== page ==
International Handbook of Globalization and World Cities
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International Handbook of Globalization and World Cities

Edited by Ben Derudder, Michael Hoyler, Peter J. Taylor and Frank Witlox

This Handbook offers an unrivalled overview of current research into how globalization is affecting the external relations and internal structures of major cities in the world.
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Chapter 41: Mumbai as a Global City: A Theoretical Essay

Jan Nijman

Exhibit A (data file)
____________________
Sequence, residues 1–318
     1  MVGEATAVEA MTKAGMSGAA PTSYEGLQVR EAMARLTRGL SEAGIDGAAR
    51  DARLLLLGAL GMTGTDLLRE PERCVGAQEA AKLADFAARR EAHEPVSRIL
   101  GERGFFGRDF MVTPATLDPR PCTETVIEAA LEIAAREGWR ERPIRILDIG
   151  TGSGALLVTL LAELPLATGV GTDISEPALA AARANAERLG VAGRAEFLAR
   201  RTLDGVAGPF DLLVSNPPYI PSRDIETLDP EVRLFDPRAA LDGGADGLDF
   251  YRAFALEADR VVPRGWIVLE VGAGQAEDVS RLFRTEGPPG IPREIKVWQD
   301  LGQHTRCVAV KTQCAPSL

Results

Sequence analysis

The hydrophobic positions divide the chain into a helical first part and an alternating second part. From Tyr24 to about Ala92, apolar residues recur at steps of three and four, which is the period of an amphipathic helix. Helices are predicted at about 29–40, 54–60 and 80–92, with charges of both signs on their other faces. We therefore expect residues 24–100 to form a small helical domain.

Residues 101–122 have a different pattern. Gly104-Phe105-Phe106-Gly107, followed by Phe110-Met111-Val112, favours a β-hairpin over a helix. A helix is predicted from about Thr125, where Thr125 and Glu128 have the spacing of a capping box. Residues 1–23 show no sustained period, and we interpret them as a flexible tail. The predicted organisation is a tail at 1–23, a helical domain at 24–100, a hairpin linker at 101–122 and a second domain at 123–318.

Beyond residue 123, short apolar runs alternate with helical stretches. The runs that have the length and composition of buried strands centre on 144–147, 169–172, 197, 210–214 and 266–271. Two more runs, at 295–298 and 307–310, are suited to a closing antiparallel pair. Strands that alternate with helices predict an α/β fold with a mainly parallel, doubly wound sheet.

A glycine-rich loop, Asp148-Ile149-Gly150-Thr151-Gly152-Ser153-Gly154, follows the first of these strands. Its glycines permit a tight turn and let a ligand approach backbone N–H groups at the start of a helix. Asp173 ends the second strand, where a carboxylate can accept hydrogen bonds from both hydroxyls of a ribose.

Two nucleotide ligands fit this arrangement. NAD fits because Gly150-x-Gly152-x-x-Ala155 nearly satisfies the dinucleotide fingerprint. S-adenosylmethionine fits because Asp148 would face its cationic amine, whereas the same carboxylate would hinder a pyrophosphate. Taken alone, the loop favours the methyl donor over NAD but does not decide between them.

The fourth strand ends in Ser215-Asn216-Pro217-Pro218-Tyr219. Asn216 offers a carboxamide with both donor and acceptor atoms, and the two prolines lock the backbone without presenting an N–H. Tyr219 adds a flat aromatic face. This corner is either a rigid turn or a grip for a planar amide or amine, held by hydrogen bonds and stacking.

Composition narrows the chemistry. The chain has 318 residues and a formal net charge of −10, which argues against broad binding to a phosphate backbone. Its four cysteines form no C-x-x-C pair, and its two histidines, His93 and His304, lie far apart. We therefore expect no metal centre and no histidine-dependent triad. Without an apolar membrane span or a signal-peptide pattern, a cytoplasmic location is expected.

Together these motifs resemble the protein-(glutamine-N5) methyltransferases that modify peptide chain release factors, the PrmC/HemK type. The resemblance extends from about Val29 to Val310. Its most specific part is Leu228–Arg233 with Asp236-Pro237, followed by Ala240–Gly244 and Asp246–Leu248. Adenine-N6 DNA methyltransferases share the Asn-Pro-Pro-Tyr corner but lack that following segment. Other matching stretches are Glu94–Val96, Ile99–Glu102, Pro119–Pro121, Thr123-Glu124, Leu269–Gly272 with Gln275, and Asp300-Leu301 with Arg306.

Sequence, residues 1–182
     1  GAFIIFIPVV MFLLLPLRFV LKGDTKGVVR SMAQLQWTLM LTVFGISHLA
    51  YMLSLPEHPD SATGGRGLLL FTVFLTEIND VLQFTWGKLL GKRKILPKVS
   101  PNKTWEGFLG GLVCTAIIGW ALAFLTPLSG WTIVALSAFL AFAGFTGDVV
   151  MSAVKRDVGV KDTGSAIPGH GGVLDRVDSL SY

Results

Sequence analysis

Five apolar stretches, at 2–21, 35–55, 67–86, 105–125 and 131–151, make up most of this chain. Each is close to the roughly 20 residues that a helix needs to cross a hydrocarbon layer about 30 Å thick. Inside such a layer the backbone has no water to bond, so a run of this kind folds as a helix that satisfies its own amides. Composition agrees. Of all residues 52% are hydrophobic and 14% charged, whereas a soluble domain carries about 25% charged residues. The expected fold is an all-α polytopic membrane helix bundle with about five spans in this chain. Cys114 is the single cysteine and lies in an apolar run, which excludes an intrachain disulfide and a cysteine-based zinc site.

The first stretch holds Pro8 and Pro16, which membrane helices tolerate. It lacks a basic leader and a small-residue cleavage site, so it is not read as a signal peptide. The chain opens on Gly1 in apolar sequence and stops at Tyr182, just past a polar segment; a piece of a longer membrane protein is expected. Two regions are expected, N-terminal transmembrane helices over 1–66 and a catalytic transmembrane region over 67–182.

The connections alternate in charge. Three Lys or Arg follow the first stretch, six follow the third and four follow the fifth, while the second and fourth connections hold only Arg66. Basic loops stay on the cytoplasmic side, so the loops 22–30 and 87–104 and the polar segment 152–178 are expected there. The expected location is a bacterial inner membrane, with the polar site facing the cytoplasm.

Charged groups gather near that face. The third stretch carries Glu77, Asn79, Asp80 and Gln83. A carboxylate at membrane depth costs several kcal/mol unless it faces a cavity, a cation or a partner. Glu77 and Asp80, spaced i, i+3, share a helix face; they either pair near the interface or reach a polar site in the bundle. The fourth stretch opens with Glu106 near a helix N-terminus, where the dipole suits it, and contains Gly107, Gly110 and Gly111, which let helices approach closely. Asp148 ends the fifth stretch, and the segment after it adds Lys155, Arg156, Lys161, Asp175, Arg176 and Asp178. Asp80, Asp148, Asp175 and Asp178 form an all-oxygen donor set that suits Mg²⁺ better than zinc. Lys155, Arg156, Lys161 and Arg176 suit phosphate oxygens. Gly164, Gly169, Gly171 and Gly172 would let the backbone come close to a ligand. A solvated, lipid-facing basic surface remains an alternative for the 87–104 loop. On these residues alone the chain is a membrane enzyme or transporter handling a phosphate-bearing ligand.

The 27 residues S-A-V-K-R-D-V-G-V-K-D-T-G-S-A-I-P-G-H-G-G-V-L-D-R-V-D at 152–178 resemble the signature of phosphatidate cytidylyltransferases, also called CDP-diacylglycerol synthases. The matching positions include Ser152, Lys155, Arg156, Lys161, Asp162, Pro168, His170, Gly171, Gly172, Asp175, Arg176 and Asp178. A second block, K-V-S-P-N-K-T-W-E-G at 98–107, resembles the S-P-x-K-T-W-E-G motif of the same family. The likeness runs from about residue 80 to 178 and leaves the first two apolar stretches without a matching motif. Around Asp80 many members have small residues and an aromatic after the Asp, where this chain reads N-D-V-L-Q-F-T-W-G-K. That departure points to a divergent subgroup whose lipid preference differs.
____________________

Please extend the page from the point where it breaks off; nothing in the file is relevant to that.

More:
Jan Nijman Mumbai is often viewed as South Asia’s main global city. It is now included in most general representations of global urban networks and it is sometimes considered emblematic of world cities in the ‘south’. Mumbai is a fascinating city in its own right, the kind of place that never fails to intrigue and that draws attention in myriad ways. It is, following the title of Suketu Mehta’s (2004) book, a ‘maximum city’. But Mumbai is also ‘good to think’. It invokes comparison; it demands a place in a conceptual sense, visà-vis other cities. Upon closer inspection, Mumbai provokes essential questions about the notion of world cities, urban networks, the scale or reach of world city functions, geographic context, comparative urbanism and the history of globalization. This chapter engages six critical issues in the treatment of Mumbai as a global city. The first concerns Mumbai’s ranking in world city schemes. The second pertains to the significance of the global as distinct from local or regional effects in Mumbai’s development. The third is about the delineation of Mumbai’s hinterland. Fourth, in the inevitable comparing of Mumbai with other global cities we must consider historical trajectories and path dependency. Where does Mumbai fit? Fifth, matters of social stratification and polarization have been integral to world city debates ever since Friedmann’s original hypothesis, but Mumbai presents a case that is fundamentally at odds with the situation in North American or European cities. Finally, it is important to say a few words...

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